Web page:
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What's the cost of CO2 emissions abatement with wind turbines?

By Peter Lang - posted Monday, 22 June 2015

I was invited to testify to the 'Senate Select Committee on wind turbines' in Canberra on 19 May 2015. Here I explain the main messages I wanted to get across in my testimony.

The cost of CO2 emissions abatement with wind turbines is much higher than current estimates (such as in the Warburton RET Review).

The cost of CO2 abatement with wind power in Australia in 2020, under the RET as currently legislated, is likely to be (refer to costs in Table 1):

  • 2 to 5 times the carbon price which was rejected by voters at the 2013 election
  • 4 to 8 times the Direct Action average price at the first auction
  • 6 to 12 times the current EU ETS price
  • 100 to 200 times the international carbon price futures to 2020

The Warburton RET Review estimated the cost of abatement under the LRET at $32-$72/tonne CO2 in 2020 (Section 5.6 – Cost of abatement' – from estimates by ACIL-Allen, Frontier Economics and Deloitte).

But the actual cost is likely to be much higher because the estimates apparently do not take the CO2 abatement effectiveness into account.

Wheatley estimated wind energy in the NEM was just 78% effective at abating emissions in 2014, and would be about 70% effective if wind power's share was double.

Under the current RET legislation, wind energy would have to supply about 15% of electricity in 2020. At 15% share, wind is likely to be about 60% effective.

At 60% effective, the CO2 abatement cost would be $53-$120 per tonne CO2


The most important recommendation from my Submission, No. 259, is:

The CO2 abatement cost estimates in the RET Review should be re-estimated taking CO2 abatement effectiveness into account.

The purpose of this recommendation is to get policy analysts and policy makers to understand the implications of CO2 abatement effectiveness with intermittent renewable energy.

If the Department of Industry, ACIL-Allen, Deloitte or Frontier Economics re-estimate the CO2 abatement cost taking the CO2 abatement cost effectiveness (e.g. from Wheatley's analysis) into account, the estimated abatement costs will be significantly higher than in the most recent estimates.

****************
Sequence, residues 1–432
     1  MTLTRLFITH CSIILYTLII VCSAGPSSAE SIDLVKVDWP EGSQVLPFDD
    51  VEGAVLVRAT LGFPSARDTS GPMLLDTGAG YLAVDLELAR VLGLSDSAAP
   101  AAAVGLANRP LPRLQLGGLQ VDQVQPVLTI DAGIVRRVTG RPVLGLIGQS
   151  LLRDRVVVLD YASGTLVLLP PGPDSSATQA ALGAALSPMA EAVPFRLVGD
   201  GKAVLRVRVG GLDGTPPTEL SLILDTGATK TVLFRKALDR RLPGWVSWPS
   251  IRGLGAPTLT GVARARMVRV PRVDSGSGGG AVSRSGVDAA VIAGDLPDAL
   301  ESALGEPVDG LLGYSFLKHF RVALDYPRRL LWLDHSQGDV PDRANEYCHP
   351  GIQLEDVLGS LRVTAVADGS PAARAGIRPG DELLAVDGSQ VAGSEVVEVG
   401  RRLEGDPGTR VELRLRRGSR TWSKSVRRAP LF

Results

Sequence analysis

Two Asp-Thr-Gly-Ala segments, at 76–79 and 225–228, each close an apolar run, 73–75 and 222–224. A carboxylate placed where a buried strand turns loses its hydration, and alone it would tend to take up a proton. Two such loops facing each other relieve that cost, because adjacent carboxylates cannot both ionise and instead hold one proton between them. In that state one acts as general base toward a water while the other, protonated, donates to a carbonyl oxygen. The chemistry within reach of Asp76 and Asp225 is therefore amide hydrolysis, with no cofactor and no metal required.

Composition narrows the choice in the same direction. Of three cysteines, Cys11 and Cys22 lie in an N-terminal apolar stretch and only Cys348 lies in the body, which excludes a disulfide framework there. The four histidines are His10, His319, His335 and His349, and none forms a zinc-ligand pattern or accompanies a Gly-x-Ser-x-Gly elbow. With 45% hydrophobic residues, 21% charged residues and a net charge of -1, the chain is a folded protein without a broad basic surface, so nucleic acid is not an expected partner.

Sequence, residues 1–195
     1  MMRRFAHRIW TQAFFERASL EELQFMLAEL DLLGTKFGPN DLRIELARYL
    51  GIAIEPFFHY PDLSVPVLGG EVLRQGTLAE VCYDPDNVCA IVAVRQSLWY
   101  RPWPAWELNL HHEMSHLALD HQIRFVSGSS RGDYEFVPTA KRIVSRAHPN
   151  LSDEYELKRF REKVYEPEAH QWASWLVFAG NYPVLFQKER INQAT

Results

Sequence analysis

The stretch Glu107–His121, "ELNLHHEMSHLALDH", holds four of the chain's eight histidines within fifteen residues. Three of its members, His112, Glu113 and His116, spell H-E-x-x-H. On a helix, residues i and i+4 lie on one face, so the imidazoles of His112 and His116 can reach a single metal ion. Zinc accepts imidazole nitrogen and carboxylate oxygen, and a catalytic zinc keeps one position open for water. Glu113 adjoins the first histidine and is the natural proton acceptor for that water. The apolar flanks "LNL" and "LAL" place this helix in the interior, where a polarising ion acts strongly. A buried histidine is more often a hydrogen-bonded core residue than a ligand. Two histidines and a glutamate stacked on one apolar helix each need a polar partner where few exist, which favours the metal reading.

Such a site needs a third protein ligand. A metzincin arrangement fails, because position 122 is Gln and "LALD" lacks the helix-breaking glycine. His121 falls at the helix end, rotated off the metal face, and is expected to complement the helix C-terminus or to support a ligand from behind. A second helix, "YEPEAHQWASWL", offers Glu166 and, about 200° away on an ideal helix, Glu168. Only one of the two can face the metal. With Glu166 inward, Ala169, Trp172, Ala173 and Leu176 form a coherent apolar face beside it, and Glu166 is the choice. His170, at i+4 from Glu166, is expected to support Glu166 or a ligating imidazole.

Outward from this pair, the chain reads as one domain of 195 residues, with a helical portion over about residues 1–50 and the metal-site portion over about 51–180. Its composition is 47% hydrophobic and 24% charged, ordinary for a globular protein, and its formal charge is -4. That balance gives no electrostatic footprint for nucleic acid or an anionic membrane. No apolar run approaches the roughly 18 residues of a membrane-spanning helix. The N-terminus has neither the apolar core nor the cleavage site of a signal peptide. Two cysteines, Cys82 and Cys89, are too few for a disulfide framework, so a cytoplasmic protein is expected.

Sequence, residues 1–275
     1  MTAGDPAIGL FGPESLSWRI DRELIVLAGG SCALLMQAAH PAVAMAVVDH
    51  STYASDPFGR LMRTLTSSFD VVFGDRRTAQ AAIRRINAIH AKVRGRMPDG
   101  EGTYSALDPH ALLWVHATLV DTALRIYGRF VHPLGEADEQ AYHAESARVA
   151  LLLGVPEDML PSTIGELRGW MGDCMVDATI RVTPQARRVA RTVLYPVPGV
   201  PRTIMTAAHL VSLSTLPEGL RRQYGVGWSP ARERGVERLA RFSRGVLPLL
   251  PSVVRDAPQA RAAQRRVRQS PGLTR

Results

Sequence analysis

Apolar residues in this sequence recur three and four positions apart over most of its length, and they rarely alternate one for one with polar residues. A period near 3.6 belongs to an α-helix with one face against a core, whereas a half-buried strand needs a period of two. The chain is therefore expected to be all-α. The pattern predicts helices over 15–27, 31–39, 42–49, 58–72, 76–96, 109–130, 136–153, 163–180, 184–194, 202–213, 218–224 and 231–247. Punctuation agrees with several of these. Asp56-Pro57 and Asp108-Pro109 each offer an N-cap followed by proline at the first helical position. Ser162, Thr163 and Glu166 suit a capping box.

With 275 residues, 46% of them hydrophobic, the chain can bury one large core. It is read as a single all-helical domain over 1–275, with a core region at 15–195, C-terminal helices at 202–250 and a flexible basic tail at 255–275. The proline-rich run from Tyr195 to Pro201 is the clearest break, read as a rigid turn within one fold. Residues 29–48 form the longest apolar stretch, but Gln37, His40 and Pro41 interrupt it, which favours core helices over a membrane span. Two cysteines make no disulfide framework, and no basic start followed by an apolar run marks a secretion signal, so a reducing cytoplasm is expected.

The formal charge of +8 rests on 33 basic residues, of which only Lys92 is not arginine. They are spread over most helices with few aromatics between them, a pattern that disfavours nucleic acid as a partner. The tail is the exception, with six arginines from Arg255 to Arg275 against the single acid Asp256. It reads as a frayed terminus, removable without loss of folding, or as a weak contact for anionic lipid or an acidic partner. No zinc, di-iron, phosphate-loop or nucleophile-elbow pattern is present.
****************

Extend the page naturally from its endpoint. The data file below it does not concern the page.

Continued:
When The Treasury, Department of Finance, Department of Industry and the responsible Ministers recognise the high cost of CO2 abatement with wind power, this could be the catalyst for change. It could be the beginning of widespread recognition that the RET is a high cost way of reducing emissions and that the costs will escalate dramatically to 2020.

These cost increases will harm Australia's international competitiveness, the economy, jobs, wages and standard of living.

Below I explain the relationship between wind energy penetration, CO2 abatement effectiveness and CO2 abatement cost.

Relationship between wind energy penetration, CO2 abatement effectiveness and CO2 abatement cost

The actual CO2 abatement cost is higher than commonly estimated. In fact, the abatement cost is inversely proportional to the proportion of electricity supplied by wind power. At 80% effective the actual abatement cost would be 25% higher than the analysts' estimates if their estimates did not take effectiveness into account. At 50% effective the actual abatement cost would be twice the estimates. The chart below illustrates the relationship between effectiveness, CO2 abatement costs increase and the proportion of electricity generated by wind (80% effective is approximately correct for Australia's National Electricity Market in 2014; effectiveness at proportions of wind energy above 5% are a rough estimate for the purpose of this explanation).

Economic analyses conducted for the 2014 Renewable Energy Target (RET) Review projected that wind power will supply about 15% of Australia's electricity by 2020 if the RET legislation remains unchanged. At 15% of electricity generated by wind, international studies of other electricity grids suggests effectiveness could be nearly as low as 50%. At that rate the CO2 abatement cost would be double the estimates (if those estimates did not take effectiveness into account).

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About the Author

Peter Lang is a retired geologist and engineer with 40 years experience on a wide range of energy projects throughout the world, including managing energy R&D and providing policy advice for government and opposition. His experience includes: hydro, geothermal, nuclear, coal, oil, and gas plants and a wide range of energy end use management projects.

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